The window of opportunity for homeowners to take advantage of low mortgage rates and to refinance is shrinking. The Mortgage Bankers Association of America forecasts that the average annual 30-year fixed mortgage rate will rise from 6.97% at the close of 2001 to 7.2% by the end of 2002. Indeed, the opportunity to refinance your mortgage at current low rates is rare. The annual average 30-year fixed-rate mortgage has been below 7% twice in the past four years, in 1998 and 2001. But during the long stretch between 1972 and 1998, the rate never once dipped below 7%. MBAA statistics show that $1.14 trillion in refinancing occurred in 2001, up from $194 billion during 2000. In 2002, the MBAA expects refinancing to fall to $521.7 billion as mortgage rates climb. "If they go much above 7.25%, that could seriously put a dent in the refinance activity," says Phil Colling, an economist in the MBAA research and development department.
But the time to refinance is still ripe. The current 30-year fixed mortgage rate is at 6.49%, and the 15-year fixed rate is at 5.95%, according to the most recent data from mortgage-tracker Bankrate.com. A one-year adjustable-rate mortgage (ARM) goes for 4.88%. A more pressing question is whether to refinance for 15 years or 30 years. Anderson recommends the 15-year fixed-rate mortgage because the current lower rate and shorter period of time will save homeowners money in the long run. For example, a 15-year fixed-rate mortgage of $200,000 would cost $152,000 less in interest than a 30-year fixed-rate mortgage of the same amount. But make sure you can make the larger monthly payments: The 15-year is $419 more a month than the 30-year. Mark Kaizerman, a certified financial adviser with Kaizerman & Associates of Natick, Mass., has a more conservative approach. He advises clients to take out a 30-year fixed-rate mortgage and pay it off in 15 years. Using the same monthly payment as the 15-year -- $1,682 -- the 30-year would be only $18,485 more expensive than the 15-year fixed-rate mortgage, but it's possible to lower payments if necessary. "The rate difference isn't worth the added flexibility," he says. "Who knows what's going to happen?"
And if you've got a small amount left on your mortgage, refinancing might not be for you, Guttentag says. His advice: People with less than $50,000 left on a 10% fixed-rate mortgage or less than $90,000 remaining on an 8% fixed-rate mortgage should stay put. But whatever you do, avoid balloon mortgages at all costs. Under a balloon mortgage, a very low rate is locked in for a set amount of time, usually between three and 10 years. Once the time period is up, the entire balance of the loan must be paid or you could be forced to refinance on the bank's terms. "Balloon loans are just a panic attack waiting to happen," Kaizerman says.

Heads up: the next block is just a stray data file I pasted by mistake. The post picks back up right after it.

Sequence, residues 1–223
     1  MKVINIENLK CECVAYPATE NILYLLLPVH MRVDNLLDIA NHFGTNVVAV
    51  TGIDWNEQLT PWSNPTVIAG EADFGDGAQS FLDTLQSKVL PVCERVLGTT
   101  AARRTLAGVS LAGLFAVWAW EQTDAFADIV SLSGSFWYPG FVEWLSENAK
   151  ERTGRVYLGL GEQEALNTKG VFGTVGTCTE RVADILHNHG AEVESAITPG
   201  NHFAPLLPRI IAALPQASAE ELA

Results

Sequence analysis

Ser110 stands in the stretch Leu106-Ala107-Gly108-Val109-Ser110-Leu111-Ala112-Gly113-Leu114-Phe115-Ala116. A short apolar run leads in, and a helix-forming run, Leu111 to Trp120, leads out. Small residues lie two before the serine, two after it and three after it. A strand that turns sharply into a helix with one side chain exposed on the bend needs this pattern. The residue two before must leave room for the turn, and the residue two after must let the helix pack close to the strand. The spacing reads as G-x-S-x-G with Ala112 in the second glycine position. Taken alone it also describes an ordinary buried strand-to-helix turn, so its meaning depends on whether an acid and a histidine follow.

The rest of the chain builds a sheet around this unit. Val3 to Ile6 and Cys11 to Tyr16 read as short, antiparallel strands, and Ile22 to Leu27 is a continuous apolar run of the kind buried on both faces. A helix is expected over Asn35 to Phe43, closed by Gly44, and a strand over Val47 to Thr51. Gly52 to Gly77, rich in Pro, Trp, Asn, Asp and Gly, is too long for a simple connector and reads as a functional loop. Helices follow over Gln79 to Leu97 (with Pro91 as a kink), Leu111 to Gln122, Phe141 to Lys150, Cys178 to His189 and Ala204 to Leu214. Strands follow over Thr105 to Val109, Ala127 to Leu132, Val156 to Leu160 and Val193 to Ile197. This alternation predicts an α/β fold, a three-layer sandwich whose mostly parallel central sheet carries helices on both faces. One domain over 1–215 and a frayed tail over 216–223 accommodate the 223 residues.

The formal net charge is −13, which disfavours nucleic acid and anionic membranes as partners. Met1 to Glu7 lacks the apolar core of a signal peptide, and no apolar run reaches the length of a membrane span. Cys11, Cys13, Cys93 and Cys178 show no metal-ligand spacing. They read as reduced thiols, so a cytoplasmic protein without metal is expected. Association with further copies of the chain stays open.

The Fixed Is InBut which kind of mortgage would be the best in the current economic climate? Because mortgages vary as much as the banks that offer them, not many financial advisers offer a definitive answer. However, many agree that a fixed-rate mortgage offers low risk at a great price. "Any time when rates are at historical lows, it makes sense to lock in a fixed rate for whatever period of time you want to be in your homes," says Nancy Anderson, a chartered financial analyst with New Perspectives in Clinton, Miss.
|Last Chance? |
How low can 30-year fixed-rate mortgages go?
|Year||Average Annual Rate|
|Source: Freddie Mac|
Some Could Take Up ARMsBut fixed-rate mortgages aren't for everybody. Let's take a look at two other options: ARM and hybrid mortgages. Typically, an ARM mortgage begins 2 to 3 percentage points below the fixed rate, but then changes at intervals depending on market conditions. For example, a 5-1 ARM offers a fixed rate for the first five years before it switches to a variable rate. A hybrid mortgage is basically the same as an ARM mortgage, but differs in that it offers the discount below the fixed rate for a longer period of time. Because of the way that ARM and hybrid mortgages are structured, those who plan to move soon may want to consider them. "ARMs are attractively priced now," says Jack Guttentag, professor of finance emeritus at the University of Pennsylvania. For those moving within the next five to 10 years, such alternatives to the fixed-rate mortgage offer a short-term benefit. In other words, if you can get out of an ARM or hybrid mortgage before it switches to a variable rate, you could possibly save some cash. Say you're 58 years old, with $100,000 left to pay on the mortgage. In four years, you plan to retire to a condo in Arizona. Your best bet is to take out a 5-1 ARM, which currently has a rate of 5.72%, according to Bankrate.com. With a 5-1 ARM mortgage, you'll pay $19,845 in interest for the first four years, which is better than the $22,577 you'd pay under a 30-year fixed-rate at the current levels. The only risk is that if, by some chance, you do stay in your home past the expiration of the fixed-rate portion of the mortgage, the variable rate can skyrocket as much as 5 percentage points, Guttentag says. The rate could also drop lower, but that isn't likely because the rates are currently so low. Before you commit to either an ARM or hybrid, make sure you understand exactly how the rate varies, or you could be shocked when the payments jump.
|Shrinking Window |
Refinancing activity falls as rates climb
|$194 billion||$1.14 trillion||$521.7 billion*|
|Source: MBAA |